Mention the Karpinka Brothers and it’s likely that there will be people who think you’re referring to a family acrobatic act. Mention they’re from Saskatoon, Saskatchewan, and it’s likely you’ll get another look of puzzlement, as if to say, “Where the hell is that?” The most probable answer is that it’s somewhere in Canada’s furthermost hinterlands, probably boasting some frigid conditions.
Considering the fact that these two siblings are virtually unknown on this side of the American border, despite their two albums — One Brick at a Time (2008) and There’s a Light (2012) — it’s little surprise they inspire such misconceptions. And yet, the band’s music is instantly engaging. It conjures up the feel of a Cajun combo attempting to emulate the classic pop of Buddy Holly with more than a hint of the Everly Brothers besides.
Prone to dressing in matching shirts with a musical mindset that would best befit a busker, Aaron and Shawn Karpinka have made a clear commitment to their community. They freely hand out copies of their new releases and take up residence as entertainers at assisted living facilities, where they’ve garnered a committed following.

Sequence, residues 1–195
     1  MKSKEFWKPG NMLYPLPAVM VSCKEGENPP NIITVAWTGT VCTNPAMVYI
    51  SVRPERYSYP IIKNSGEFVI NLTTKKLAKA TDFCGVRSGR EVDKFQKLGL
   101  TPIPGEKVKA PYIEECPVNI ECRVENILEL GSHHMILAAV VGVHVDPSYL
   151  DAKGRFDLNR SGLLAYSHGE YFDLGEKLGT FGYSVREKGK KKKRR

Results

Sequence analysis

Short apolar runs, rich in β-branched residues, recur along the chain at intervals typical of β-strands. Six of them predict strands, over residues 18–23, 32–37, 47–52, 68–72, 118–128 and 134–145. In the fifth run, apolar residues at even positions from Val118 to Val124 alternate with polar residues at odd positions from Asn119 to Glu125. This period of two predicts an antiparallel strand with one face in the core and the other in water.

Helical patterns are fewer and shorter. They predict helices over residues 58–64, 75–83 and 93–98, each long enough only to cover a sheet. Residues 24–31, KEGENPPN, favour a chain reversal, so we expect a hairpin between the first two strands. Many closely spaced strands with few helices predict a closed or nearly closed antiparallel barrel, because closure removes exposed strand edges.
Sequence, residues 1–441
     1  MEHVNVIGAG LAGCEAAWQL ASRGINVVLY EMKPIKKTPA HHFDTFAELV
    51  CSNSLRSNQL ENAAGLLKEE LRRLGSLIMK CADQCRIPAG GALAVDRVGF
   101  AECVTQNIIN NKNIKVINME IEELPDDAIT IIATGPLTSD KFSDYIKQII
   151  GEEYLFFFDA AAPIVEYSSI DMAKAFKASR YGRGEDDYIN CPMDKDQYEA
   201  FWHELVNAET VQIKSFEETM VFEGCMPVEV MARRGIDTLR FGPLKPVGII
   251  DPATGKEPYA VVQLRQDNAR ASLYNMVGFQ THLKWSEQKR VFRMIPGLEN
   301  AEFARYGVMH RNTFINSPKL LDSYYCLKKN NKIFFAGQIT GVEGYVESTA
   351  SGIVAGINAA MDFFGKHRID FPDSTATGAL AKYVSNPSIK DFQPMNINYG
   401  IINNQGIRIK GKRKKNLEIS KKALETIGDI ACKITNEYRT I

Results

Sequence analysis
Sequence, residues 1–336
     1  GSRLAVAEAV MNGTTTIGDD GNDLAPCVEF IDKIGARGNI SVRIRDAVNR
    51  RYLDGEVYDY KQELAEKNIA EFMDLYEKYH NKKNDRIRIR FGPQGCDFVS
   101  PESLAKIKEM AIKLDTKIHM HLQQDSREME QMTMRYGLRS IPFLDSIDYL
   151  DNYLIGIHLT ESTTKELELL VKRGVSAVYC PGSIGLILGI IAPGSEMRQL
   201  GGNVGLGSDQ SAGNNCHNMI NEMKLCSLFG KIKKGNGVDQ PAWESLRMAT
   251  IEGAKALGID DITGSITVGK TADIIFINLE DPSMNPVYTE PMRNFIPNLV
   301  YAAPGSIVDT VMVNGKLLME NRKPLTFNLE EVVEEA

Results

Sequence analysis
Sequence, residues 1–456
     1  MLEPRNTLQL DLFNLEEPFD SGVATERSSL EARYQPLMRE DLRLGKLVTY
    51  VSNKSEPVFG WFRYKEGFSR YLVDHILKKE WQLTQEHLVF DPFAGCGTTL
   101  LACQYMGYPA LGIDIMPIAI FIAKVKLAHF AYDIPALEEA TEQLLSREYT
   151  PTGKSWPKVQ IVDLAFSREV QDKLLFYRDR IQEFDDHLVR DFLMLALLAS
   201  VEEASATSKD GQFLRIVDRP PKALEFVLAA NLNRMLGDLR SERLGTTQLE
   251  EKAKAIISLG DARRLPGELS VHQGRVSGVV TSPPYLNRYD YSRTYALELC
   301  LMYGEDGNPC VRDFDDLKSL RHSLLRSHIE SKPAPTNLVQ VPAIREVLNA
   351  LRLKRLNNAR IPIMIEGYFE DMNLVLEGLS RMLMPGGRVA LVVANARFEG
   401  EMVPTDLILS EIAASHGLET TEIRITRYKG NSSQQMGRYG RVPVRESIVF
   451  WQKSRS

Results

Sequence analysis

“Those are our favorite shows actually, because you hear them singing along when they can’t speak, and you see them clapping and dancing when they don’t move very much,” Aaron told the StarPhoenix. “It reminds you what music is about.”
Naturally, there’s reason to view such agreeable attitudes with suspicion, and even cynicism. We don’t like our musical heroes to simply be nice guys. They have to have a bit of an edge in order to make them credible and convincing. It doesn’t help matters that their initial album was recorded in a single day, and that their mother — their mother — was the person most responsible for its distribution.
“Our mom peddled it,” Aaron told the same interviewer. “She promoted us like she was Don King or something.” It’s little wonder that, after they introduced their mom to Gordon Lightfoot, and he asked her to assess their talents, she raved about the boys. That’s a mother’s prerogative of course, but then again, getting mum’s endorsement doesn’t exactly advance the rock star myth. Neither does that fact that the standout song from their sophomore set is tellingly titled “Everybody Wants to be My Friend.”
“The song comes from asking what real friendship is,” they’ve explained. “And we’re happy to be friends and bros to everyone.”
Their upcoming release, You Can Count On Me, reinforces that amiable image even further, thanks to its cheery melodies and a sound capable of making believers even on first encounter. Personally, I’m hooked. The lesson: Sincerity needn’t be sappy and it’s actually okay to be agreeable. Especially if you’re situated in place like Saskatoon, Saskatchewan.